There’s new evidence that Obama lied when he said, “that the United States is not spying on ordinary people who don’t threaten our national security.” According to the latest Snowden disclosures, the NSA has a program, code-named MYSTIC, that allows the agency to record and store all calls made within an undisclosed country, including those made by American citizens.

If this program were going to be leaked at all, the NSA might prefer the information was dribbled out this way. When the disclosures are so vague, it’s hard to know how to respond. There’s no single country that can act the victim or rebuke the United States, as there was when we got caught tapping Angela Merkel’s phone or grounded the Bolivian president’s plane though it wasn’t even within U.S. airspace. With no clear victims, there’s not enough information for a Rand Paul-style class action suit.

But even if there were, author Cory Doctorow believes we can’t keep using an oil-spot strategy to address NSA overreach and abuses. Doctorow argues that information security should be treated like a public health problem, not an individual responsibility:

If I had just stood here and spent an hour telling you about water-borne parasites; … if I had explained that our very civilisation was at risk because the intelligence services were pursuing a strategy of keeping information about pathogens secret so they can weaponise them, knowing that no one is working on a cure; you would not ask me ‘How can I purify the water coming out of my tap?’”

Because when it comes to public health, individual action only gets you so far. It doesn’t matter how good your water is, if your neighbour’s water gives him cholera, there’s a good chance you’ll get cholera, too. And even if you stay healthy, you’re not going to have a very good time of it when everyone else in your country is stricken and has taken to their beds.

Doctorow is hoping web services could switch to something like end-to-end encryption, which would make NSA taps worthless. Any information they’d retrieve from a man in the middle attack—intercepting surreptitiously from the wires directly or by subpoenaing the companies—would just be gibberish. The data would only ever be decrypted on the user’s own computer or phone. We would sacrifice some convenience, but a MYSTIC-style dragnet would be impossible.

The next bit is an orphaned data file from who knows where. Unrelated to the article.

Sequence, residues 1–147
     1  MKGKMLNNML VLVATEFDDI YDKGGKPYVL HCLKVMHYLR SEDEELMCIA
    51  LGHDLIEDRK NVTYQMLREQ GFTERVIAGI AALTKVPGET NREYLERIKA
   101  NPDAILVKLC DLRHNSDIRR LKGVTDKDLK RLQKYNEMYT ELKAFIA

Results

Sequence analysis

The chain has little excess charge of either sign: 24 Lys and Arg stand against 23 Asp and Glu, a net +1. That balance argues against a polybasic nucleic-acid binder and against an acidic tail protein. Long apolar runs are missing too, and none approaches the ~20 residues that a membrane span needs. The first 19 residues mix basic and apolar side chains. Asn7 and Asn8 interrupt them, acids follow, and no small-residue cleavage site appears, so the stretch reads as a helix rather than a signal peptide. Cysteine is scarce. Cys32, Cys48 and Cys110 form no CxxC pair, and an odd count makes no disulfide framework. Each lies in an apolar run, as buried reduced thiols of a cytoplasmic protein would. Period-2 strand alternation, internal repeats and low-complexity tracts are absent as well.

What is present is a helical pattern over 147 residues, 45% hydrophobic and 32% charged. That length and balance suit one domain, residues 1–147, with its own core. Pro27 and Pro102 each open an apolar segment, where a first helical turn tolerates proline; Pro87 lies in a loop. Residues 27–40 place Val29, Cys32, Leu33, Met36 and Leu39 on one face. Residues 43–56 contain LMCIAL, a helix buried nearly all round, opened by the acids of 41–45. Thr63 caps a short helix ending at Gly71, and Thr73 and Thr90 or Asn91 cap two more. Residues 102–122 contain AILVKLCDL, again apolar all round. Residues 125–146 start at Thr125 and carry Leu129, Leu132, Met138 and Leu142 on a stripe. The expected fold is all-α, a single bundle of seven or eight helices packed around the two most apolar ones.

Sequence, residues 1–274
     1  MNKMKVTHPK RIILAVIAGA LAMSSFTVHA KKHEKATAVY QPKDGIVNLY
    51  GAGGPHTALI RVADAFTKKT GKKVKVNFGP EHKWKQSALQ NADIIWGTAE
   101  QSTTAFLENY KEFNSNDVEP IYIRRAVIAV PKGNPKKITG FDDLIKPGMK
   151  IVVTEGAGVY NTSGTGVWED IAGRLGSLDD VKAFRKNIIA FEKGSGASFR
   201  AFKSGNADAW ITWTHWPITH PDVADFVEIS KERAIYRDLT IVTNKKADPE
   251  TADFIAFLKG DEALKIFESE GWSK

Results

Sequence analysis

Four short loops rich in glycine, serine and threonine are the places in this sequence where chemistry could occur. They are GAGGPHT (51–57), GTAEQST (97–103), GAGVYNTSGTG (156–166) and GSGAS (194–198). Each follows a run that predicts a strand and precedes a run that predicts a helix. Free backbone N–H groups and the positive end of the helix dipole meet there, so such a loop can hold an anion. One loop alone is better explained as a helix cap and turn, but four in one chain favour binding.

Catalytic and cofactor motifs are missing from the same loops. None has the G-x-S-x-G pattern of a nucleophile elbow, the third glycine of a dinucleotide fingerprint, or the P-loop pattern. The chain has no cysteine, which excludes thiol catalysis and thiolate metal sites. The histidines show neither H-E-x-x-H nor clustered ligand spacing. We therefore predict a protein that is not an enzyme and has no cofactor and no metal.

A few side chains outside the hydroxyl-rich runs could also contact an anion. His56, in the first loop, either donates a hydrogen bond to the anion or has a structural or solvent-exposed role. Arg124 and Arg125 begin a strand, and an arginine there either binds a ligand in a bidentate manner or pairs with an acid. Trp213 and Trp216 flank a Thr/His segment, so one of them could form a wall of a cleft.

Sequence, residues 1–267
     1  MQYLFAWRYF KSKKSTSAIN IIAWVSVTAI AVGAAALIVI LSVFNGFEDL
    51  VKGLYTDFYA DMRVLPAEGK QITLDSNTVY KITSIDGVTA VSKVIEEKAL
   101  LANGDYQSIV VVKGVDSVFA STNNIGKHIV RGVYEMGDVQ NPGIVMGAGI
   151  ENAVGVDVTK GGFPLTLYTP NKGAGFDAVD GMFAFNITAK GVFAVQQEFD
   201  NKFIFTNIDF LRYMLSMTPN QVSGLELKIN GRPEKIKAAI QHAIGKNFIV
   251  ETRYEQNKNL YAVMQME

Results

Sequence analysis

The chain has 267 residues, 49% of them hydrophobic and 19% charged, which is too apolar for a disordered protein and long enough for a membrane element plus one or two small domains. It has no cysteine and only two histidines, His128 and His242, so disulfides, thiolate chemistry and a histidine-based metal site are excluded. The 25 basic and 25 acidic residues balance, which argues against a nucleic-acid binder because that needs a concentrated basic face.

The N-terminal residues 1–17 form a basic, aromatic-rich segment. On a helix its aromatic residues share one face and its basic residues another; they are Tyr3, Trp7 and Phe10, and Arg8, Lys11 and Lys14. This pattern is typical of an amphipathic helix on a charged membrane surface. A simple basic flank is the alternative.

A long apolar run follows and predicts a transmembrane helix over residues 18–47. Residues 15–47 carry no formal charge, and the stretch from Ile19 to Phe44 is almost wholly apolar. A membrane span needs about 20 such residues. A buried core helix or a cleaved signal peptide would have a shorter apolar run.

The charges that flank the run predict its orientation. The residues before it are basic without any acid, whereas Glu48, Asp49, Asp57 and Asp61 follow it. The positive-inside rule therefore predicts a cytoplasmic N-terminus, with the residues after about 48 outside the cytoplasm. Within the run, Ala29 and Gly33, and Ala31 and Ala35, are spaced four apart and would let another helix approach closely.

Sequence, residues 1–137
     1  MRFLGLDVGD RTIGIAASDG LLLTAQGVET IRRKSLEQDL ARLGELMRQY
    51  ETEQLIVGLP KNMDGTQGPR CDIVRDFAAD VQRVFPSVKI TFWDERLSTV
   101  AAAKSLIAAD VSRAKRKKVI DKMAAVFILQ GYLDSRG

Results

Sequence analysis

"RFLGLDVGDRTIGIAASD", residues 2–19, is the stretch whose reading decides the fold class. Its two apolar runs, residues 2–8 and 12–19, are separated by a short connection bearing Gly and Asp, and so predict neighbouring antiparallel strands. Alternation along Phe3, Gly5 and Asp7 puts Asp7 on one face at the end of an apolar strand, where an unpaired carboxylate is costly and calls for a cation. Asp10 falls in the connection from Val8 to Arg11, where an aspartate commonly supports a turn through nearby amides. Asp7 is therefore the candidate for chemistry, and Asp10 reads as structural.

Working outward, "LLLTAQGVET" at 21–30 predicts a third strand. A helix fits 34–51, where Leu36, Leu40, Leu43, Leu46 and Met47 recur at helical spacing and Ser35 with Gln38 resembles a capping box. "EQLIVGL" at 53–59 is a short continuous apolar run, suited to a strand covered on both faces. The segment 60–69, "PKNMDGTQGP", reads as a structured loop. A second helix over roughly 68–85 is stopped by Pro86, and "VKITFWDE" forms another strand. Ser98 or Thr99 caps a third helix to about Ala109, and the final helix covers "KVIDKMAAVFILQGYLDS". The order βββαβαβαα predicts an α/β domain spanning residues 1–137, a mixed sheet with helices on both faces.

Governments object to these countermeasures, since they limit spies’ ability to eavesdrop on the really dangerous people. Australia’s spy agency is currently petitioning its government to expand its powers, as technology and leaks are making it easier for people to understand and evade their current methods.

This kind of response by states puts citizens into an antagonistic, arms race relationship with their government, where ordinary citizens’ only defense is encumbering their systems with proxies and other obfuscation.

It would be better if the president and the NSA could prompt a kind of detente by acting like responsible police officers, subject to oversight and limits, not vigilantes who view any objection or obstruction as potentially treasonous. Cops police better when they wear cameras, and have their authority safeguarded by their accountability.

The Australian spy agency, is, at minimum, requesting power through democratic channels, and thus ahead of the NSA, which has appropriated new powers and whose director allegedly lied under oath about their use. But these requests, when made by any nation, should be paired with better attempts at transparency and oversight, so that citizens can place some measure of trust in their government, rather than exclusively in their choice of encryption.